Beginning about 2002 and until spring 2008, as Wall Street plunder and heady real estate values made many Americans rich or richer, Kurniawan fed the hunger for oldest and rarest wine, cost be damned. How had he, still in his twenties, managed to acquire this seemingly limitless lode of introuvables? Kurniawan offered plausible, if unprovable, explanations. Early on, he claimed to have bought the cellar of a wealthy family in Florida. But even a very large private cellar could not keep on giving at the rate that Kurniawan was selling.
And so a new, more intriguing story began making the rounds: Kurniawan had acquired, possibly with a partner, a huge trove of old French wines in Europe. It was dubbed the “Magic Cellar,” or as Acker’s John Kapon called it, “THE Cellar.” Its lineage was said to go back more than a century to a time when the then-dominant French retail wine shop chain, Nicolas, purchased large quantities of the finest French wines directly from the most renowned vineyards.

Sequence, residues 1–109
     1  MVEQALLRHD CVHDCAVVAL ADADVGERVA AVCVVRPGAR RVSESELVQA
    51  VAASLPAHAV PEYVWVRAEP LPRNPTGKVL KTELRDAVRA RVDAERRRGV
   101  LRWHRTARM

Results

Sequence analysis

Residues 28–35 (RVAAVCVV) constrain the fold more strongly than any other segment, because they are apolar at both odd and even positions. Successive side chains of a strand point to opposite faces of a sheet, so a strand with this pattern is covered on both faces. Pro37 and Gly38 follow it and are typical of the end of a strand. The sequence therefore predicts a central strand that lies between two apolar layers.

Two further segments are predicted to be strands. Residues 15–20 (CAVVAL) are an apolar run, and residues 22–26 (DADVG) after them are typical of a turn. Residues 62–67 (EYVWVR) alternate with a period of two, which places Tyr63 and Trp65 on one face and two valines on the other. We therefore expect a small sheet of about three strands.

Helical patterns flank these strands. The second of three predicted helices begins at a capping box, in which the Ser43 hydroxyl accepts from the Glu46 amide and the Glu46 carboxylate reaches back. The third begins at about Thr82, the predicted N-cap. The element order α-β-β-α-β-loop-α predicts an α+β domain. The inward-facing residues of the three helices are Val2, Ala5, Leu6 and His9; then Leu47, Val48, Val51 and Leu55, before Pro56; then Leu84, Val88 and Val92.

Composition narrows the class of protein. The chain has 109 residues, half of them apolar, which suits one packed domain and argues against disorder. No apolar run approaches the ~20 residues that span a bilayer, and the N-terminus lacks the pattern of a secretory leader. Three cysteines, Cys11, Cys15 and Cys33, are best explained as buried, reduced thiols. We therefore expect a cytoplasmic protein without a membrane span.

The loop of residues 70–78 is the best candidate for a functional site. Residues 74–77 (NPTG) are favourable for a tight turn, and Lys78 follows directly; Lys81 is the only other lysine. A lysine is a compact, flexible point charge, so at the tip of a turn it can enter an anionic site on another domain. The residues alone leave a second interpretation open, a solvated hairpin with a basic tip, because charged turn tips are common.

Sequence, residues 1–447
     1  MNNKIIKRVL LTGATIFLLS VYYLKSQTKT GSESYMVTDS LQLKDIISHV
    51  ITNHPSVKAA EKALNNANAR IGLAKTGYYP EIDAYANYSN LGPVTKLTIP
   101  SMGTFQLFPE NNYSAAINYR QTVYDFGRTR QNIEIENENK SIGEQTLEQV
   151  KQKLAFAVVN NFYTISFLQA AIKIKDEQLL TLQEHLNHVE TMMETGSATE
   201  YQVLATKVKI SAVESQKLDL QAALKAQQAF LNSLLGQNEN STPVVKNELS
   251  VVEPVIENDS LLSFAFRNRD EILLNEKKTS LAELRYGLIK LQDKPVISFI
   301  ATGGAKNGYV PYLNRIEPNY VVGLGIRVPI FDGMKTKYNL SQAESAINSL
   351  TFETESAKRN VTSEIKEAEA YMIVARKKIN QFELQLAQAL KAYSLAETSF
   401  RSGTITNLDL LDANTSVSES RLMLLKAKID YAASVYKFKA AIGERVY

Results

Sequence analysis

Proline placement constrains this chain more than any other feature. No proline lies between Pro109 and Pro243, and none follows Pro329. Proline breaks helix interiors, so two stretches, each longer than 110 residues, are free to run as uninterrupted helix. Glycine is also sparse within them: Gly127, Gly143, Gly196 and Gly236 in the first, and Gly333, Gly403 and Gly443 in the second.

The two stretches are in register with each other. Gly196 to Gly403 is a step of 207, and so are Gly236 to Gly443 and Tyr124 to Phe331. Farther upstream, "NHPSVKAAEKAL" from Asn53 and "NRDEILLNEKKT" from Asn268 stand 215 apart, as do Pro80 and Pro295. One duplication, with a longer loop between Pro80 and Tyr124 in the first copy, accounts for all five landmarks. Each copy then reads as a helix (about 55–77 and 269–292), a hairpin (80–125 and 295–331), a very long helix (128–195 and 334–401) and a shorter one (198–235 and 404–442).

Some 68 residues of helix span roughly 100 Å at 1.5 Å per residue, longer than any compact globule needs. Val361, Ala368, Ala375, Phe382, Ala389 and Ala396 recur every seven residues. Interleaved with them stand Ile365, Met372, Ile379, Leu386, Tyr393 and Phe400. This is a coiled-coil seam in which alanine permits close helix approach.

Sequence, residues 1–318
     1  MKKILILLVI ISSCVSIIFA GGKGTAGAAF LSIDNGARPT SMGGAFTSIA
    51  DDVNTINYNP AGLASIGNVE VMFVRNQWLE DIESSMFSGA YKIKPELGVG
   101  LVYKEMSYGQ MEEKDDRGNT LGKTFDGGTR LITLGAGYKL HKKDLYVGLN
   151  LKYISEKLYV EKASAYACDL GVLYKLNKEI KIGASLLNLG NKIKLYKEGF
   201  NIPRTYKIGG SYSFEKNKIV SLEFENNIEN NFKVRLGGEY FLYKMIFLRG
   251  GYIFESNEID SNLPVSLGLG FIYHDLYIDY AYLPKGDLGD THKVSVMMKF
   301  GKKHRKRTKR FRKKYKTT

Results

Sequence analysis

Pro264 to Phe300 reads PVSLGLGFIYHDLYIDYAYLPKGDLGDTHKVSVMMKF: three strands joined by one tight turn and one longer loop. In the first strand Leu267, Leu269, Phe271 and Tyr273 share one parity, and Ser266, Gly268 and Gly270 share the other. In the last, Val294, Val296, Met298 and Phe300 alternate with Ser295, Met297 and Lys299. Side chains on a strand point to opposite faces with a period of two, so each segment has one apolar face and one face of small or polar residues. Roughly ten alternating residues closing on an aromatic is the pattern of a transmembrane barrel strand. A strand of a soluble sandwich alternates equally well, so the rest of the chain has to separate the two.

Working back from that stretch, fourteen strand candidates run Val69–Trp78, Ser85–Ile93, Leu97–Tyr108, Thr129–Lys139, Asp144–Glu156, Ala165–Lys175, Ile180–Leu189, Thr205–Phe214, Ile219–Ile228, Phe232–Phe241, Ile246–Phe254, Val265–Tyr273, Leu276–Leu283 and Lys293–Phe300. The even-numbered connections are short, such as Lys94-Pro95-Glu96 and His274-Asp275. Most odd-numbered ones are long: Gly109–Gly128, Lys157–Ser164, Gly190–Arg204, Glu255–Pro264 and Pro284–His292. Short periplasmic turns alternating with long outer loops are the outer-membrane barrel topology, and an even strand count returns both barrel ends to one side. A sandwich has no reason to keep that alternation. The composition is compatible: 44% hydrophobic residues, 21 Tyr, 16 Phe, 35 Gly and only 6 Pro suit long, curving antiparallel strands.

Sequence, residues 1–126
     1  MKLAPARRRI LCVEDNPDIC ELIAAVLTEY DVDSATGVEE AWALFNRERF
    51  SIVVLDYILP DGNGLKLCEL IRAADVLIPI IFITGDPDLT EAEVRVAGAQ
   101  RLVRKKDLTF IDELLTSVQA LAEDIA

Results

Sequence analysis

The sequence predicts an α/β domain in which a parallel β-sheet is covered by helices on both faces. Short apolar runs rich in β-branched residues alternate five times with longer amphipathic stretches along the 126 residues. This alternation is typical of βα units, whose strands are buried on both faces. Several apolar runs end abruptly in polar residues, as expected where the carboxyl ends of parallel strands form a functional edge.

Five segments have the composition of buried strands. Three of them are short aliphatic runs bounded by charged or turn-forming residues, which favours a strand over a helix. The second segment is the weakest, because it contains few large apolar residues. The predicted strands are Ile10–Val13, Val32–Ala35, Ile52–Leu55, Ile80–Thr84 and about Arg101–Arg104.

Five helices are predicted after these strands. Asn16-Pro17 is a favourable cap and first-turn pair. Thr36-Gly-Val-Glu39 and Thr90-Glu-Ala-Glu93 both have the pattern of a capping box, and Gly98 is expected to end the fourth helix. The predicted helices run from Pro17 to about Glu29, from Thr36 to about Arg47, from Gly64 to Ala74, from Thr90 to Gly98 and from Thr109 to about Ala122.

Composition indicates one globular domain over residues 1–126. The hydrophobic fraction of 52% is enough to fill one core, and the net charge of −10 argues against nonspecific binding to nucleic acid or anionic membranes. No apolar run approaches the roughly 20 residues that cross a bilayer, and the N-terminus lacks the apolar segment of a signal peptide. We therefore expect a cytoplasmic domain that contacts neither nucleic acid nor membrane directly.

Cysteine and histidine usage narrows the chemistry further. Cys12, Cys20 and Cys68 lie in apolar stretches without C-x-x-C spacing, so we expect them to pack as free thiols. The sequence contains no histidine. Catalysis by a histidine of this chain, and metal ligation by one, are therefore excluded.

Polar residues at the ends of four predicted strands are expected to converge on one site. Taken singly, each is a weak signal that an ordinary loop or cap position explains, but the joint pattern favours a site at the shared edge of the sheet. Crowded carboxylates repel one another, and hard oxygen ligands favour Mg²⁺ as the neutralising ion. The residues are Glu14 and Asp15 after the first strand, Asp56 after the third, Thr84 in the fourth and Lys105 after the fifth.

Few collectors, especially those new to the game, actually knew what the real thing should taste like. “It’s surprisingly easy to fob off flawed or inauthentic wine,” says Wilf Jaeger. “At a certain point, people have drunk too much and they are not paying attention.”
Even if they are paying attention, and do question a wine, they are unlikely to “kill the buzz” at a festive table
Thursday, August 10, 2017
"Inside the Biggest Wine Hoax in History"